Why boys are susceptible to online gambling
‘Adam’ was just 19 when his father, a close friend, rang me one Saturday night and asked to meet, but pleaded with me to keep our conversation and subsequent meeting private.
He reported that his son had, unbeknownst to him or his wife, racked up a gambling debt of over $125,000.
Despite gambling being illegal for people under 18, Adam had spent the last few years of his school life engaging in a mix of online and offline gambling and was now under threat from people he had borrowed money from.
In addition to obtaining an ATAR* of just 33, Adam had developed a drug and alcohol problem, had self-harmed and was actively suicidal. In a last, desperate act, he had broken down and told his dad the nature and extent of the problem.
Adam had spent the last few years of his school life engaging in a mix of online and offline gambling.
Dad paid off the debts on the condition that Adam sought help. He was subsequently referred to treatment and now, some years later, manages to lead a reasonably happy life. However, his vocational and academic career has been significantly derailed.
All the digital toys at their fingertips
Adam’s story is far from unique. But why are so many young people, especially men, drawn to gambling? And why are young men disproportionately represented in the problem gambling figures?
Recent figures from the Young and Well National Survey show that eight per cent of young men aged 16 to 25 reported having gambled online in the past month, a figure that (although relatively low) has risen with the increased availability and access to online gambling platforms.
Adam’s generation has grown up with all the digital toys at their fingertips: smartphones, tablets and laptops. Betting companies have exploited this and skilfully developed platforms for wagering that provide real-time data updates and instant gratification to generations of sensation-seeking adolescents.
Betting companies have exploited this and skilfully developed platforms that provide instant gratification
But beyond the impressive technological capabilities of these betting platforms, gambling research provides some clues as to why the games resonate so much with this demographic.
A brain ripe for risk-taking
Let’s start with Adam’s brain. These days, a consensus of neuroscientists agree that brain development likely persists until at least the mid-twenties – possibly until the thirties. The prefrontal cortex doesn’t have nearly the functional capacity at age 18 as it does at 25. Put simply, this means people like Adam can have major struggles with impulsive decisions and planning behaviour to reach a goal.
The brain’s reward system tends to reach a high level of activation during puberty, then gradually drifts back to normal activation when a person reaches roughly the age of 25. Adults over the age of 25 tend to feel less sensitive to the influence of peer pressure and have a much easier time handling it. In short, Adam’s brain isn’t the best when it comes to thinking about the consequences of his decisions, his impulse control isn’t great and he is significantly susceptible to peer pressure.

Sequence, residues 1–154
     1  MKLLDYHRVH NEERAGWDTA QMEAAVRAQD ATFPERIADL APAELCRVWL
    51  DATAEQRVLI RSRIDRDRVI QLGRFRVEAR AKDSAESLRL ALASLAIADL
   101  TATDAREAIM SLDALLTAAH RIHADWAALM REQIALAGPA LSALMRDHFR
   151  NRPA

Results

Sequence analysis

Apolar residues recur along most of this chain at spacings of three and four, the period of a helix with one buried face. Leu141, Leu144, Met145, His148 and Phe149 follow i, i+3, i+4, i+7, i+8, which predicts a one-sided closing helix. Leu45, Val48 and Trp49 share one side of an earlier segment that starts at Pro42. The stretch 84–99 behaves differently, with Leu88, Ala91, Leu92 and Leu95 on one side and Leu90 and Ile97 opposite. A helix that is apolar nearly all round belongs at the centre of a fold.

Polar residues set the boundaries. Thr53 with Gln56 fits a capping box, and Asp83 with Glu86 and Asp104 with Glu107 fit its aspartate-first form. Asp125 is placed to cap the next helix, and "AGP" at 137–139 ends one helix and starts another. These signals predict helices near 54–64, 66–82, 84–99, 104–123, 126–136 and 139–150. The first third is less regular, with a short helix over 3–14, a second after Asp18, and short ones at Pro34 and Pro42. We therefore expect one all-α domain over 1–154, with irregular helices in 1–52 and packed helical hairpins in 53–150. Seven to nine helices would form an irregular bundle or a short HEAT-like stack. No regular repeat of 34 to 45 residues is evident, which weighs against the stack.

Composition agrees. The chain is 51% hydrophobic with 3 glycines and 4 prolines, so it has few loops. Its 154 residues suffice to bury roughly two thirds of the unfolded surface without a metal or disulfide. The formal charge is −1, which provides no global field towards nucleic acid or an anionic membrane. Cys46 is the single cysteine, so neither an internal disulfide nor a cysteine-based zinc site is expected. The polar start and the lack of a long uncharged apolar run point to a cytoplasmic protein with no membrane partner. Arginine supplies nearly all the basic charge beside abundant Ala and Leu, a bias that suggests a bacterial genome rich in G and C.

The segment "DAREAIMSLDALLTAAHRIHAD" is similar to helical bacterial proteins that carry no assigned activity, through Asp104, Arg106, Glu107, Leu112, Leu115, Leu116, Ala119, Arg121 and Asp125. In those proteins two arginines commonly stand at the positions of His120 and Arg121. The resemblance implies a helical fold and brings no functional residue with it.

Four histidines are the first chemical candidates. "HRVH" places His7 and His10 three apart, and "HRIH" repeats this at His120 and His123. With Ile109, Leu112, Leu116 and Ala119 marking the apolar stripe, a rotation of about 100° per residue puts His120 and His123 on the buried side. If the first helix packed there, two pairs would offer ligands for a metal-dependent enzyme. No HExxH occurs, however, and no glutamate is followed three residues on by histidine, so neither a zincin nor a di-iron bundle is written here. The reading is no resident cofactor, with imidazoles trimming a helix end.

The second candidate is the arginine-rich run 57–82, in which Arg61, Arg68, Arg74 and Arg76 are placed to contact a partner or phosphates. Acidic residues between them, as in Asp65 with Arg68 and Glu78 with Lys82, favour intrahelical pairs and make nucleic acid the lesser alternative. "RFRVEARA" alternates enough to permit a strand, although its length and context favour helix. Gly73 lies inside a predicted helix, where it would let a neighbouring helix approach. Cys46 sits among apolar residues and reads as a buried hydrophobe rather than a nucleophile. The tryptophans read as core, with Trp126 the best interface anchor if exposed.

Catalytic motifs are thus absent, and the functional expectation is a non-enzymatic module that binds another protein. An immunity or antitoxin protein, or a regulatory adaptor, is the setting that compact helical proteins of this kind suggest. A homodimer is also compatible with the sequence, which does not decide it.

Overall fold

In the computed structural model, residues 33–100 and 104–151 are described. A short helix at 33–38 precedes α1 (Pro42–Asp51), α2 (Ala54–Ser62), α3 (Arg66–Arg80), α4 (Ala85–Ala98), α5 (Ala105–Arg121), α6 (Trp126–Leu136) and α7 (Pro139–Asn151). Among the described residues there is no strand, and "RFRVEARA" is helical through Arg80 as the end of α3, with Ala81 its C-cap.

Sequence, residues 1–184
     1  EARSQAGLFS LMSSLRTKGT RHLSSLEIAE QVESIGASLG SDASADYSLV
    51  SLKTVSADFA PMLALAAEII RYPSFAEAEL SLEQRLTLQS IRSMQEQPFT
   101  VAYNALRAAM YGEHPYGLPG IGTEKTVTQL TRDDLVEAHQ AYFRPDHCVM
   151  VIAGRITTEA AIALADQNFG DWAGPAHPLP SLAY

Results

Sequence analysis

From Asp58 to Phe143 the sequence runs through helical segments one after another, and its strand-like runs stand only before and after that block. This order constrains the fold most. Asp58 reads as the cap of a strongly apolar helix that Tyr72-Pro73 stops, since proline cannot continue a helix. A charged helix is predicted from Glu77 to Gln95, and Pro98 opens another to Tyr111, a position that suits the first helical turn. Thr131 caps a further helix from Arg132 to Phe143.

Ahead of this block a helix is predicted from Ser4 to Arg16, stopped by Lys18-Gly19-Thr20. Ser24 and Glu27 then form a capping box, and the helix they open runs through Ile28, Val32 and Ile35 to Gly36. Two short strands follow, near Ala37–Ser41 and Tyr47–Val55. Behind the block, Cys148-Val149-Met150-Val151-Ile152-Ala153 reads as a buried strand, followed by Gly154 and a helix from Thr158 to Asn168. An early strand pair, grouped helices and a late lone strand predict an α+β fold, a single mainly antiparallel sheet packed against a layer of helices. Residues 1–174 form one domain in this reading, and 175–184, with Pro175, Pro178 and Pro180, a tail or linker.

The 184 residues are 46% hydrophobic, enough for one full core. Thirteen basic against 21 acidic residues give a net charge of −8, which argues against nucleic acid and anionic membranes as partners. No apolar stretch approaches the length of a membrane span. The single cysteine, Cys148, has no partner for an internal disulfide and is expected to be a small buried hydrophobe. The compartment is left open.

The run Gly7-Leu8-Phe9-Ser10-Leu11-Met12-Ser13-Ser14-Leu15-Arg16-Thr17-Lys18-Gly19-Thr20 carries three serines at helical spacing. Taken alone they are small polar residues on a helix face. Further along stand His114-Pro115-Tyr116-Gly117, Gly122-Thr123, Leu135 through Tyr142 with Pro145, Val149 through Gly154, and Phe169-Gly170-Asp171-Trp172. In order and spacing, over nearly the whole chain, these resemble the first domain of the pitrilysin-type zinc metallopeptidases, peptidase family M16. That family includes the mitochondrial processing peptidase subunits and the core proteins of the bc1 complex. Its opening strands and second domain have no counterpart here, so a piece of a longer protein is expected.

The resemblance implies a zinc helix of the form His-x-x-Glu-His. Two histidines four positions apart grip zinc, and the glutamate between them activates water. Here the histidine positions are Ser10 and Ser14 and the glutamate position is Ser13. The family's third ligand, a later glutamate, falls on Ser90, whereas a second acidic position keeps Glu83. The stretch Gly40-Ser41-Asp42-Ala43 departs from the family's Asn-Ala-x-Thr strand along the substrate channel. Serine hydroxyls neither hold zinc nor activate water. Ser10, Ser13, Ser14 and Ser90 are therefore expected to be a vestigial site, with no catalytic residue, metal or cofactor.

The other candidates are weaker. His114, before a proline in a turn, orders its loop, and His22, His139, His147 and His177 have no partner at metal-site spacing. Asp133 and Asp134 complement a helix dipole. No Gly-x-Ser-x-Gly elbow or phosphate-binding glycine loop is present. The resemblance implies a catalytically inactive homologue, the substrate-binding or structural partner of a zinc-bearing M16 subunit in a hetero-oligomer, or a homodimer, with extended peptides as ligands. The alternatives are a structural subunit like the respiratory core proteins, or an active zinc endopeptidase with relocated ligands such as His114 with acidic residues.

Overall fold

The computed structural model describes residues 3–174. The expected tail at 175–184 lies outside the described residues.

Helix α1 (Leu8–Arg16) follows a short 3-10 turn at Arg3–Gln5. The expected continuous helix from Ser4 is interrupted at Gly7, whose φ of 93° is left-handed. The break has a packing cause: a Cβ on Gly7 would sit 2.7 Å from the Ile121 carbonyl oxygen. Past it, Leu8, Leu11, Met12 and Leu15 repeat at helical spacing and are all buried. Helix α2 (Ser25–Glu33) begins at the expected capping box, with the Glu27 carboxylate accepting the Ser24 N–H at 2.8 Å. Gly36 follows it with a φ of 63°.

Add to this, the external cues to gamble. Switch on the TV during any major sporting event and you will see that audiences, including the Adams of this world, are confronted with a variety of messages consistent with a pro-gambling culture. Very little attention is given to informing them about the risks or providing responsible gambling messages, except in the most tokenistic of ways.
Adam’s brain isn’t the best when it comes to thinking about the consequences of his decisions, his impulse control isn’t great and he is significantly susceptible to peer pressure.
Besides the obvious allure of winning lots of money, research suggests that for many of these young men, online and offline gambling can:
- reaffirm their masculinity
- offer a virtual getaway from daily routines and stressors
- allow them to form connections with their peers
- power competitive drives
- allow them to have more multifaceted experiences
- give them the opportunity for boasting.
Helping Adam resist the temptation
So how can we assist young men to respond appropriately to the temptation to gamble?
The message for parents is clear: they cannot outsource responsibility for education around gambling to governments or charities. When news reports about a lottery ticket winner or a gambling ad appears on TV, parents ought to take the opportunity to:
- talk to their kids about the reality and risks of gambling
- deliver responsible gambling messages, including knowledge of how gambling works and how to avoid the harm it causes
- empower young people to seek help if they need it.
A great resource is the Victorian Responsible Gambling Foundation’s website gamblershelp.com.au.
The website also has information to help parents, teachers and others understand the issues around young people and gambling.
* The Australian Tertiary Admission Rank (ATAR) is used to assess and compare the results of school-leaving applicants for entry into tertiary institutions.
Michael Carr-Gregg & Dr Melissa Weinberg This article is about Mental Health
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